Updated from 2:19 p.m. EST
were among the worst-performing health-related stocks Friday, falling 12.8% after the company posted a fourth-quarter loss that just missed expectations.
The company posted a loss of $9.7 million, or 36 cents a share, on sales of $9.5 million. Analysts polled by Thomson First Call were expecting a loss of 35 cents a share. A year ago, the company posted a loss of $10.5 million, or 71 cents a share, on sales of $7.2 million. Shares traded down $2.73 to $18.62.
rose 9.7% after the company said it priced 1.5 million shares at $36.25 each in a follow-on stock offering. The stock closed Thursday at $36.40. Horizon said that it would use the $50.6 million in net proceeds to pay down $34.5 million in debt and use the rest for general corporate purposes, including acquisitions. J.P. Morgan led the underwriting syndicate. Shares traded up $3.52 to $39.92.
rose 4.1% after the company said it received a patent related to ligation-based strand displacement amplification technology, which will make the detection of infectious diseases much quicker. The intellectual property pertains to research that was conducted in collaboration with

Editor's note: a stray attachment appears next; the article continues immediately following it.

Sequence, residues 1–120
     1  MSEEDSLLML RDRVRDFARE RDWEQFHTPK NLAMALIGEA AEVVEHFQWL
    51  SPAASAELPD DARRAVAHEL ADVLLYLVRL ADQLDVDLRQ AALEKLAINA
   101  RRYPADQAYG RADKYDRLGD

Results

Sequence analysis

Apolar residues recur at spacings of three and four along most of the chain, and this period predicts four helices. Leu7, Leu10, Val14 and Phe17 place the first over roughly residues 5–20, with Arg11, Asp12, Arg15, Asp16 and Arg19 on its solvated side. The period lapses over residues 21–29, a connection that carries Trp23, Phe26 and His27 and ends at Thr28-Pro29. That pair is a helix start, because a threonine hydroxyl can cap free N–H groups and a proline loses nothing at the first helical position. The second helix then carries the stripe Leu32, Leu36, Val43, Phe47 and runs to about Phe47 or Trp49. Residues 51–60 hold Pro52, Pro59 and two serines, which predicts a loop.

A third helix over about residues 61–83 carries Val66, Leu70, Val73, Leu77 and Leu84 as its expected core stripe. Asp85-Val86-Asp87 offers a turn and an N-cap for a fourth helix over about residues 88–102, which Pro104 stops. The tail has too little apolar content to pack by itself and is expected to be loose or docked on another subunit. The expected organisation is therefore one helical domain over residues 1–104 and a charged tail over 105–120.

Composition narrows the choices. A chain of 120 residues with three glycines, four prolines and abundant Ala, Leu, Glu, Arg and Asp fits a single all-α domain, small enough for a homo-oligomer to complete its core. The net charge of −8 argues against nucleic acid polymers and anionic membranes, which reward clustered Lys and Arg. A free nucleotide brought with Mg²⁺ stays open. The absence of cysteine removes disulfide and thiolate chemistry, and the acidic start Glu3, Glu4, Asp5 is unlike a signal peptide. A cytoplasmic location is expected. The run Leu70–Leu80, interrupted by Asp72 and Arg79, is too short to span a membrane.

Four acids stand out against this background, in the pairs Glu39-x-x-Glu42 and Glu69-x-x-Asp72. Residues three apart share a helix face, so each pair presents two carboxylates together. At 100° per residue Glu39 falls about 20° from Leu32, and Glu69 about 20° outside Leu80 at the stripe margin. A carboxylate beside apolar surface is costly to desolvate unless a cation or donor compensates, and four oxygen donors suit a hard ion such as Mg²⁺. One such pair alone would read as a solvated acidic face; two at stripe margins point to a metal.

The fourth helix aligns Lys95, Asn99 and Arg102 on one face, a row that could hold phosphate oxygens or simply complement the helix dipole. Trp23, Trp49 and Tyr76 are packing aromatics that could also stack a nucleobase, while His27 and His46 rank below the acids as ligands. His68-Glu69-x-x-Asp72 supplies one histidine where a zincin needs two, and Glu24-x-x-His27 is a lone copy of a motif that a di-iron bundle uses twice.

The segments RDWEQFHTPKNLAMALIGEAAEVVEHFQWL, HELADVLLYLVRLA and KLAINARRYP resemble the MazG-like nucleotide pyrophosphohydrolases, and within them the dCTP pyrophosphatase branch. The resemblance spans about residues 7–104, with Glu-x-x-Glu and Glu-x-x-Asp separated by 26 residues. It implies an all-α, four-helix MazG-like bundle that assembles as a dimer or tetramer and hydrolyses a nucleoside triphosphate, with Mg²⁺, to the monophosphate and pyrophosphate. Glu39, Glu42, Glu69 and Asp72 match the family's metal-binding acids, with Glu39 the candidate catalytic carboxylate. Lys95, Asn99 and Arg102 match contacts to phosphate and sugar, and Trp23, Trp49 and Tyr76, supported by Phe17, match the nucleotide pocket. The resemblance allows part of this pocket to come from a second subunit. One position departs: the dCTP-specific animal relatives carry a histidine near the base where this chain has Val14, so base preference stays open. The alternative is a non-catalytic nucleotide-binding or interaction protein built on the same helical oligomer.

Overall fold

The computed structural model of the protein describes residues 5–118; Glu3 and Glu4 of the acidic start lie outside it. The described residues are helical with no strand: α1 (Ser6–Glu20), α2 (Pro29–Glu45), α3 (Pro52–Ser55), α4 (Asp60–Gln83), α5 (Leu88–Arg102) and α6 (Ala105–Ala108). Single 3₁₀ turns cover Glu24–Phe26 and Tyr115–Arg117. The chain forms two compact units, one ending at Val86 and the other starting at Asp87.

. Shares traded up 16 cents to $4.10.
traded actively after the company halted a phase II clinical trial for its Prosaptide compound. The trial was designed to test the safety and efficacy of the drug in HIV and AIDS patients who suffered from peripheral neuropathic pain. The trial was halted at the recommendation of the Data and Safety Monitoring Board, which discussed the results of the analysis of the unblended study at a meeting in late February. On March 10, the safety monitoring board wrote a letter to Savient, saying that even if the trial were to continue, there was little chance of achieving statistical significance at the analgesia efficacy endpoint. Shares traded up 10 cents to $2.64 on volume of more than 1.15 million shares.